Tag Archives: Dundee

Jute, Jam and Journalism

Today, I’ll start with DD4.

DD is Dundee, and Dundee is famous for the three things in the title. We went there on holiday just over ten years ago and I feel quite nostalgic about it. The kids were still young enough to like their parents and used to enjoy seeing new things. The wilderness years of teenagery and rebellion were still in the future.

We missed the Keiller factory, though we did see fields of fruit canes, which took care of the “jam” element. D C Thomson, publishers of many famous comics and annuals, are also based there. I say “famous” rather than “comprehensible” because it includes Scottish classics such as Oor Wullie and The Broons, which are distinctively Scottish in language. It’s a bit like reading Burns, but with the bonus of pictures.

We did, however, see the “jute“. In fact we saw a lot more jute than we wanted to, as we were forced to endure a lengthy film and display by a stern woman who seemed unwilling to let us go without forcing us full of information on jute. I suspect she’d once been a Gauleiter in the Jute Information Board or some such body.

Though we were interested in the jute, we were actually there for the Tay Bridge and the Discovery.

I’m not sure exactly which postcode it all fell under but Dundee is DD1 to DD4 so it will do. With hindsight we should have spent more than just one day in Dundee as there’s a lot to see.

It was a great holiday in some ways, and a low point in another. At the time someone owed me £1,200, and the recovery process wasn’t going well. After one particular phone call I made life hell for everyone, which really wasn’t fair. It’s one of those things that comes back to haunt me – bad parent, bad husband. Fortunately it was only for part of a day.

The debtor eventually came up with £600. Then he died, with no assets and a gambling problem I’d been unaware of.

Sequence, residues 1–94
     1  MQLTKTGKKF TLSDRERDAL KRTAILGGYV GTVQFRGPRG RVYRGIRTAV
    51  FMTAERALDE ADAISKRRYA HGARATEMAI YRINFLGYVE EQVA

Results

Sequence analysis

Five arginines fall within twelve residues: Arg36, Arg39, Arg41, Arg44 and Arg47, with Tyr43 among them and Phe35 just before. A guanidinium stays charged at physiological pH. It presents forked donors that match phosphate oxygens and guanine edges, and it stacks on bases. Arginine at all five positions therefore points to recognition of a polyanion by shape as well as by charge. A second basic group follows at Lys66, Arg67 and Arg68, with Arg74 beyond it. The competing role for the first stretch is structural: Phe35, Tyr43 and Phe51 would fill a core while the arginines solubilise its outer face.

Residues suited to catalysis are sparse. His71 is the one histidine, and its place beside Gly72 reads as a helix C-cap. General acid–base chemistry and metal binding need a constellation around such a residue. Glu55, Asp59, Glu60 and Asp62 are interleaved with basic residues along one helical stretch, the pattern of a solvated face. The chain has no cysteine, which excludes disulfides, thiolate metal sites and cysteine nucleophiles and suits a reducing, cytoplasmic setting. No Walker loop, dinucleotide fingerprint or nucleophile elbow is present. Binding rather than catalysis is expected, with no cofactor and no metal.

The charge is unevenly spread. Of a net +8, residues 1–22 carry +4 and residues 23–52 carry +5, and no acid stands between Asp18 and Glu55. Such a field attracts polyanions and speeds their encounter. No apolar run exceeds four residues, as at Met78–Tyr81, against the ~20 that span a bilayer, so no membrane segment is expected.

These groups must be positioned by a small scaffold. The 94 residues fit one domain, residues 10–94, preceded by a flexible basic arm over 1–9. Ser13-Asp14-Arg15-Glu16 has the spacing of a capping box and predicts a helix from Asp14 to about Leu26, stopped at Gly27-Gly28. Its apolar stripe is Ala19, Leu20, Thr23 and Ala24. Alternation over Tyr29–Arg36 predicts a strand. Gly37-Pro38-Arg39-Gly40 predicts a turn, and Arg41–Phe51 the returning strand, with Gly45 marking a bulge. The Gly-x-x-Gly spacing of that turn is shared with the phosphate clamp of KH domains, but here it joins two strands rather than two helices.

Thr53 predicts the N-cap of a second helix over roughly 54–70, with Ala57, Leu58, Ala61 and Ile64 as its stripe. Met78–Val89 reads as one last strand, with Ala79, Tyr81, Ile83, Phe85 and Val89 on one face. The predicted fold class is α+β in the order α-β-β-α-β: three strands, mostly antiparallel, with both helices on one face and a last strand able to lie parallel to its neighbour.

He drowned after falling into a ditch and whilst in drink. (Gambling wasn’t his only problem).  There was some talk about a car being seen speeding away from the area where he was found. There was also a suggestion that I’d been involved. And that was why I sometimes tell people I was a suspect in a murder case. (I wasn’t, because the police never contacted me, but it makes me sound more interesting).

The interesting fact about DD4?

Er…

There are three towns in the UK with football stadiums less than a mile apart.

At three – Liverpool and Everton. Under a mile apart.

At two – Nottingham Forest and Notts County – the closest football league grounds in England, just 300 yards apart.

At one – Dundee and Dundee United – the closest in the UK – just 100 yards apart. Look at the map and gasp in wonder. They are close.

 

 

 

History in a Junk Box

There was a time when dealers used to have junk boxes full of clapped out coins, broken bits and base metal medallions. I certainly did. When I bought mixed boxes at auction the detritus from the bottom, after being carefully checked, would end up tipped in the junk box.

When buying, the junk boxes of other dealers were my natural habitat. I’ve bought some good stuff out of junk boxes. It seemed like they would never end. Then ebay came along and  it all ended up on line.

The contents of the box could cover anything from ancient coins to petrol station giveaways, via Georgian medals, Victorian adverts and pre-decimal coins. One of the staple items was the mass produced commemorative medal. They really started in a big way with Queen Victoria’s Golden Jubilee in 1887 and ended in the 1930s with a flurry of royal events – George V’s Jubilee, the abdication (though this is shown only by the  items of Edward VIII (which aen’t really rare, whatever dealers may say) and, finally, the coronation of George VI.

This is the medallion Nottingham produced for the 1897 Jubilee of Queen Victoria

This is the Edward V!! medal from Nottingham – note the foresters supporting the coat of arms.

The colour changes for 1911, as do the supporters on the coat of arms, but the general idea remains the same. There is a second version of the medal, often known locally as the unofficial version (see below).

There is a medal very similar to the 1911 coronation medal – made for the 1914 Royal visit. It isn’t just in recent years that the Royal Family has been unpopular, there were seven attempts to assassinate Queen Victoria and one on Edward VII. In 1914, to encourage public approval George V embarked on a programme of visits. I’ve seen the itinerary for his visit to Nottingham – he visited Arnold and Mansfield too, though I think he just waved at Arnold in passing.

Royal visit to Nottingham (above( and Dundee (below).

Things seemed to tail off after that, with a much smaller selection being produced for 1953. To set it in perspective, rationing was still in force in 1953, and the fledgling Matchbox company struggled to produce model cars when metal supplies were diverted to fighting the Korean War.

This is one of the later medals, from Mansfield Woodhouse.

I have plenty more to show you yet, so don’t worry about me running out for the next few weeks,